Freitag, 12. September 2014

REVIEW: STARK - S/T (Noise, Purge Electronics) ENGLISH

England is – and has always been – inhabited by interesting and active Noise and Power Electronics artists. Apart from the originators of the Power Electronics style, namely the projects affiliated with Come Org and Broken Flag, names like Gaya Donadio of Antichildleague and of course the constantly progressing projects from the UNREST camp, for example the highly acclaimed S.T.A.B. Electronics and SHIFT, instantly come to mind. In the deepest gutters of British PE, one name seems to have been reoccuring for years: Steve Bagman. Since 2008, Bagman has been releasing a variety of mostly highly limited and unrelenting releases, most of which under the eponimous “BAGMAN” moniker, but also as, for example, [Gone Dark] Bleach or one half of the collaborative effort “Sex Factor”. His new sonic offspring is named “STARK” (after the character Jim Stark from “Rebel without a Cause”) and the first release is a self-titled tape limited to only 13 copies.

STARK, in contrast to his previous, more noisy projects, pays homage to its British ancestry and is Power Electronics as hell. Throbbing synths, high pitched distorted frequencies and pulsating rhythmic elements result in a somewhat manic sound whose aggressive, repetitive minimalism appears to be reminiscent of earliest Sutcliffe Jugend or Ramleh. However, STARK does not rip-off the notorious classic style coined by the aforementioned projects, but is a highly personal and unique further development of trademark elements that have made his work stand out since the beginning. Always harsh and menacing, STARK's venomous compositions and distorted frequencies seem well thought-through and carefully assembled, without losing the kind of improvised and free-flowing aspects known from earlier projects. Bagman's insane vocal delivery has also never been more to the point and fitting and proves to be a great addition to the sound.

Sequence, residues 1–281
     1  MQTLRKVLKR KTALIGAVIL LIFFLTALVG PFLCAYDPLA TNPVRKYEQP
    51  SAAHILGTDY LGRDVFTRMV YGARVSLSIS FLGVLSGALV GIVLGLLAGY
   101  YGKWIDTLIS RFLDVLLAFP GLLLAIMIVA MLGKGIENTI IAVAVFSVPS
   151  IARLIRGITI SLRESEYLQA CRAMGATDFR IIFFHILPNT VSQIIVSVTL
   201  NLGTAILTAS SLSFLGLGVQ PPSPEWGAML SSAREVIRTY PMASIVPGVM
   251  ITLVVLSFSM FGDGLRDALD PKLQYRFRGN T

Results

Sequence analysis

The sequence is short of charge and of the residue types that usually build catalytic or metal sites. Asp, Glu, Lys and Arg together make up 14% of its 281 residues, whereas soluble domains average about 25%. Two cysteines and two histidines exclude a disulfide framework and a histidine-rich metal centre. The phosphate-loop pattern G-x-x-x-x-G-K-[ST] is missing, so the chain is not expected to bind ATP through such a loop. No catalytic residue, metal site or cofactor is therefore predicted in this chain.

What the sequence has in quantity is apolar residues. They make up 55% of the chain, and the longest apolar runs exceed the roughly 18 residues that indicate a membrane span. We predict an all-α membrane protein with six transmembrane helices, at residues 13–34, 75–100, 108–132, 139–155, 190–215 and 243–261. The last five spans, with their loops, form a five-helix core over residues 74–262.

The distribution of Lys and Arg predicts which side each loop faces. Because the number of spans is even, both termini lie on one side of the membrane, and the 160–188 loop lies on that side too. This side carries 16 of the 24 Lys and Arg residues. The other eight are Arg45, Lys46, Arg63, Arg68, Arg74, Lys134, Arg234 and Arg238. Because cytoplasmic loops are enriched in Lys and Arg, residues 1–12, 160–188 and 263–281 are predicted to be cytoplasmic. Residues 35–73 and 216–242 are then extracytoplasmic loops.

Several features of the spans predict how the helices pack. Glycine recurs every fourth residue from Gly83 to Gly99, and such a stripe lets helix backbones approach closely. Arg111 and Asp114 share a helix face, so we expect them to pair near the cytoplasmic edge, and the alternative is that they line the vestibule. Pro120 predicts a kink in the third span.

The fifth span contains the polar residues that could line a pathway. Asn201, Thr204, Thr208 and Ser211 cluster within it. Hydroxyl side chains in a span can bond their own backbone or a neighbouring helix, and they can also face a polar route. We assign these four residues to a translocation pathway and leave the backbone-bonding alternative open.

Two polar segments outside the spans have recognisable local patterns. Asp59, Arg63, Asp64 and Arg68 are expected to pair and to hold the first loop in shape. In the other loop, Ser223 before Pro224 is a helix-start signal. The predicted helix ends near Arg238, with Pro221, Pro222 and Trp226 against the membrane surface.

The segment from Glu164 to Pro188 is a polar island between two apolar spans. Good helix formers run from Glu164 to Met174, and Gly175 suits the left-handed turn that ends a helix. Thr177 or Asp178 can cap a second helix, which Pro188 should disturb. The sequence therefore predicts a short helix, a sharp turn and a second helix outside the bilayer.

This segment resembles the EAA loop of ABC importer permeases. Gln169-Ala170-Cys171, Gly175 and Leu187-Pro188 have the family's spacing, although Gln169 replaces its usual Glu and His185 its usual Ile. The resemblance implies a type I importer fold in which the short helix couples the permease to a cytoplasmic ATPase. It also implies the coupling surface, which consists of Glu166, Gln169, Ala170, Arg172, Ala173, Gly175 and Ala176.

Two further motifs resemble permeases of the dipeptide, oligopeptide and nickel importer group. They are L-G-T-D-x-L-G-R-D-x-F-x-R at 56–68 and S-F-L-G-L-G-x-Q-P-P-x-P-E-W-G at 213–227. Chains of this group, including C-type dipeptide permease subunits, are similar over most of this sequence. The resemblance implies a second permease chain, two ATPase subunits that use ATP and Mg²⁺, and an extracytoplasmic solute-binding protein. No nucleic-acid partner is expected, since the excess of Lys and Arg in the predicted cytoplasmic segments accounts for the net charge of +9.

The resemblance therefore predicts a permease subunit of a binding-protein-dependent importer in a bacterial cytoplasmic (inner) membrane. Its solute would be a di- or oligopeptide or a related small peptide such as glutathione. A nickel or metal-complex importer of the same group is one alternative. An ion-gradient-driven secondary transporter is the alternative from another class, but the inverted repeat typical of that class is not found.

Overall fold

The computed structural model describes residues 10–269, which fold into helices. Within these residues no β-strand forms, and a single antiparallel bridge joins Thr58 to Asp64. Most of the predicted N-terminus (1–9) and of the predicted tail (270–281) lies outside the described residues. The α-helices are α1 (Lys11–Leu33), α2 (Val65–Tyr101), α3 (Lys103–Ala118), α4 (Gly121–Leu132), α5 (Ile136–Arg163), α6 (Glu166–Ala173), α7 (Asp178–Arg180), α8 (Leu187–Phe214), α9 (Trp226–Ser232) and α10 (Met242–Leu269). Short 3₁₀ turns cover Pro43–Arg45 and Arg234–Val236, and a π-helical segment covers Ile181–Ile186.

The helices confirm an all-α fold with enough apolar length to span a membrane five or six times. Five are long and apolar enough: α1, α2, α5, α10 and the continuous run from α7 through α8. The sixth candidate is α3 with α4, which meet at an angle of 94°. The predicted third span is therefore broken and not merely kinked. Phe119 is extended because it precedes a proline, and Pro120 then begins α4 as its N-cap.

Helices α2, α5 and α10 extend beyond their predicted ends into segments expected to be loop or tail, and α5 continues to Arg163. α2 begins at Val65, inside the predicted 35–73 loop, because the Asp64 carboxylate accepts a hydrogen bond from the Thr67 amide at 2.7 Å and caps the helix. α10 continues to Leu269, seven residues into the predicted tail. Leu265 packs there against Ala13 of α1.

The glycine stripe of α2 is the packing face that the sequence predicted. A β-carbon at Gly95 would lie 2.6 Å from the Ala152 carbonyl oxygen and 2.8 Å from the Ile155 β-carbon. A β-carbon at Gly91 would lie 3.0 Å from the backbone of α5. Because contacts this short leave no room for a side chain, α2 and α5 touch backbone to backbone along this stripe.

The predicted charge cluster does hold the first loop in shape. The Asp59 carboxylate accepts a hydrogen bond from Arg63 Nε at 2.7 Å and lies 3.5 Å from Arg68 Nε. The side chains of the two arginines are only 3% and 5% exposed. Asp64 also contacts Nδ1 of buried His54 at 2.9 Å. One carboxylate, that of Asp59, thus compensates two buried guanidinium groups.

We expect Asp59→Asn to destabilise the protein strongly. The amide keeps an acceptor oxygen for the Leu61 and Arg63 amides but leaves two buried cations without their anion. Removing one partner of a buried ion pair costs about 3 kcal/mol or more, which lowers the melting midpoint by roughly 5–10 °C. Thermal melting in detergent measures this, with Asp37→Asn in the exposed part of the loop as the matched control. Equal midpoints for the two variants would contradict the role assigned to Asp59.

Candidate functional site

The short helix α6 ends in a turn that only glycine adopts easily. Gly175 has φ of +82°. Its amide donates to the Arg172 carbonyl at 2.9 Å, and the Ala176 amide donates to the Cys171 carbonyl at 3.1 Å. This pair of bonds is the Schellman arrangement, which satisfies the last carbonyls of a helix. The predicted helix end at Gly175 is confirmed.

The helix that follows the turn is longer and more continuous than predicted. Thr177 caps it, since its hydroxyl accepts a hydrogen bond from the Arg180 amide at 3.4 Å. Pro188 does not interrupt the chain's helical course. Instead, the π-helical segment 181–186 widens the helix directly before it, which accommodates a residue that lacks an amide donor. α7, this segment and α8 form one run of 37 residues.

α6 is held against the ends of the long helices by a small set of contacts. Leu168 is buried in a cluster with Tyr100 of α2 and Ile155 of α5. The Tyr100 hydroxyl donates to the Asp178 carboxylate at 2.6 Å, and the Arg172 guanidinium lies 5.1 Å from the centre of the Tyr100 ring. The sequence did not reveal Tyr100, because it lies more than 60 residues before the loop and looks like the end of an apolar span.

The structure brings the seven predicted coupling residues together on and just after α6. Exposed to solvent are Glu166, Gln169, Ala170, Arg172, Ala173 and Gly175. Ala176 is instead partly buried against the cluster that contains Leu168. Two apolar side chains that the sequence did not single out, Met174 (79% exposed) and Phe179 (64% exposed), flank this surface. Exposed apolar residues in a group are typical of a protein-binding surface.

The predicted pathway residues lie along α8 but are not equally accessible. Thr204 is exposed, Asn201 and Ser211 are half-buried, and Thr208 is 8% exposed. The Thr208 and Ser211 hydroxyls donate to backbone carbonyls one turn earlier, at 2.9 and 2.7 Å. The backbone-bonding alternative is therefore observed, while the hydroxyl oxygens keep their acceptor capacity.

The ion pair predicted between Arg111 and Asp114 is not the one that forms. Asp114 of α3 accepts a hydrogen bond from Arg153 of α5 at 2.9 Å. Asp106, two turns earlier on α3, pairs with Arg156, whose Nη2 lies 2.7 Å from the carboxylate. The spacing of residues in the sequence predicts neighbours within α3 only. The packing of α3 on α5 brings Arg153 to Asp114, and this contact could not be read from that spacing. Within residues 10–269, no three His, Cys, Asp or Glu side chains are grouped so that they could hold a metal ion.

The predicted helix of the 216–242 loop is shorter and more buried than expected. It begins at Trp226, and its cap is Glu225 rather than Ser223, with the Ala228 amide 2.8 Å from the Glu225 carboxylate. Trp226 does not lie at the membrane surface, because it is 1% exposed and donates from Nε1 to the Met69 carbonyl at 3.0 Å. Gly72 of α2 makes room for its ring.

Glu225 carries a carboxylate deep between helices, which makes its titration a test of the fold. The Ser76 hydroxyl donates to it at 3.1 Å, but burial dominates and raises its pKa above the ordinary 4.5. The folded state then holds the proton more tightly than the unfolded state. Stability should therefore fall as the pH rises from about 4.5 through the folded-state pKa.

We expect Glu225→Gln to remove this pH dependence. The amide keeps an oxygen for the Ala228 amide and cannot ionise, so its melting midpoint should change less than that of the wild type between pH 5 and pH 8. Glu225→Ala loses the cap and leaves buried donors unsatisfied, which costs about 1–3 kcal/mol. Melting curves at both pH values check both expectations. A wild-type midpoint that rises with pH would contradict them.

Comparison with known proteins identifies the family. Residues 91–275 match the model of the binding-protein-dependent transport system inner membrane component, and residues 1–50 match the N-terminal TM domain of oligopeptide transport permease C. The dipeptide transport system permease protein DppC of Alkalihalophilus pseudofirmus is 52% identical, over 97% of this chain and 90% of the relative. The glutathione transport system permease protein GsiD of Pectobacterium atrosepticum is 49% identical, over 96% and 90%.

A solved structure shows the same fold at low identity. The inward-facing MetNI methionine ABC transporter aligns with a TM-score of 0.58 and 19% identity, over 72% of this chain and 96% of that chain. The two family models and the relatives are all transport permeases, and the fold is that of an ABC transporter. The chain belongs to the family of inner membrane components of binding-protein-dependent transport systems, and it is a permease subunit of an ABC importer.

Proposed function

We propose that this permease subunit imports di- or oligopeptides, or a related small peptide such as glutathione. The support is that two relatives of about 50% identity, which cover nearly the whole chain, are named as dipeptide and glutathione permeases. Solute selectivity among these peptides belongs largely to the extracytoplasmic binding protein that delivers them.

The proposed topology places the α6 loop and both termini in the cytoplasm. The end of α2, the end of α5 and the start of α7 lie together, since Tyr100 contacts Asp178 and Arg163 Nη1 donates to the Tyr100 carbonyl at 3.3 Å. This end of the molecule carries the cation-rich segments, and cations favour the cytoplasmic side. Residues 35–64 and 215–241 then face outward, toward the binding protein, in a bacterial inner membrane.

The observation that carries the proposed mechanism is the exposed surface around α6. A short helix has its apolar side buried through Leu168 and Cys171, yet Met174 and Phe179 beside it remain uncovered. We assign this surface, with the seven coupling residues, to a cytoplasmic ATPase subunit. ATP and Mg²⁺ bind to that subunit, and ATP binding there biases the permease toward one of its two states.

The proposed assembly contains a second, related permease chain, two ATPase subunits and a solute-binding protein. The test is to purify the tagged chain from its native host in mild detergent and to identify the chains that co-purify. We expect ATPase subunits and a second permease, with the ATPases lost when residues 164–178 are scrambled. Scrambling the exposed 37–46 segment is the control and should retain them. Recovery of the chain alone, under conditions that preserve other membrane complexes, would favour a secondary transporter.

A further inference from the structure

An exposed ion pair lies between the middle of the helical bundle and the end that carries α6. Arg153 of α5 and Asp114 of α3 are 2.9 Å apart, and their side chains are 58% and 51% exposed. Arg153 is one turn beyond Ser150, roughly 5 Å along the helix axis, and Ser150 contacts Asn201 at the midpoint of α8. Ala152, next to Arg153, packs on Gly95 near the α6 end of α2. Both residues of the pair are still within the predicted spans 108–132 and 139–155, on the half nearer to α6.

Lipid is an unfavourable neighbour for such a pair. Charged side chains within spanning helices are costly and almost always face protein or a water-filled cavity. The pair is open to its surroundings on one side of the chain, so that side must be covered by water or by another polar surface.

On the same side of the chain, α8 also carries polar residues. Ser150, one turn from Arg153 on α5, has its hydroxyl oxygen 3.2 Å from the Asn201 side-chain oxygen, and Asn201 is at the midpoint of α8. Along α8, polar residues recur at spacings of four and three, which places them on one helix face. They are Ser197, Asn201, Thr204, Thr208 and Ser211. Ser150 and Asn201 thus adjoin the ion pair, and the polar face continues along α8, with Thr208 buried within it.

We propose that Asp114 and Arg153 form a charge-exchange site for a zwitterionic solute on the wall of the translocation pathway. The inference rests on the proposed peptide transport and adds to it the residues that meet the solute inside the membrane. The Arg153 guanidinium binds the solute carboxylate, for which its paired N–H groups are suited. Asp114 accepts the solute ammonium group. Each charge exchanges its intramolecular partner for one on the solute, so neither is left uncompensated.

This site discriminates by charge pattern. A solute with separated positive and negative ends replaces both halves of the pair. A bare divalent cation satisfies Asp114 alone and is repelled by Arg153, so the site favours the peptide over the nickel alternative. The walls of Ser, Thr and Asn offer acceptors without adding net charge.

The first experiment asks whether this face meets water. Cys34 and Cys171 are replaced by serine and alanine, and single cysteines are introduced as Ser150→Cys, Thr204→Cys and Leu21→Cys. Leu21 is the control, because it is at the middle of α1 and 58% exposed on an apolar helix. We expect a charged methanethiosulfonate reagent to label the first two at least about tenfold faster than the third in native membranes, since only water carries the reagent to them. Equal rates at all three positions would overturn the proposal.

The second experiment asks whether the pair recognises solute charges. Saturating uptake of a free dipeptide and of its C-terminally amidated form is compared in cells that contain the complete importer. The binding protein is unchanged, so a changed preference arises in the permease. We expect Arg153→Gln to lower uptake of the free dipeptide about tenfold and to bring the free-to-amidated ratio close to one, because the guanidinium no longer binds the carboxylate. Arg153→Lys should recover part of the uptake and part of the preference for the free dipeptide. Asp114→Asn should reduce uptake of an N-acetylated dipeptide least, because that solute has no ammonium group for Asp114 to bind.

“Charisma Engine”, for example, shows off the percs of STARK's debut tape perfectly. Claustrophobic, highly flangered synthlines mixed with sporadically disappearing, dark noise frequencies and distant, incomprehensible screams add up to a track full of brutality and claustrophobia. Another great example can be found in the first track “A Cautionary Tale”. Drenched in feedback and distinct throbbing motions, this piece offers an almost dictatorial, hate-filled vocal delivery and pure, blunt brutality, a trait often missing from current Power Electronics projects, sadly. All of the tracks stand out in a way, creating lots of motion and change, however, the entire tape has a homogenous quality to it, which enables the listener to really delve into the mind of the creator. Variation and density are equally high and STARK's 40 minute debut tape remains free of flaws, but never ceases to deliver the goods. 

Summary: There is no doubt that STARK's stripped down and brutal approach is Bagman's strongest one up to date. The well-conceived compositions and high pitched feedback are the perfect backup for Steve's frantic vocals, and the overall feeling is somewhere between the strongest moments of the Bagman project, the harsher moments of [Gone Dark] Bleach and the primitive spite of British PE pioneers. Definitely worth picking up for any lover of uncompromising and brutal underground filth!

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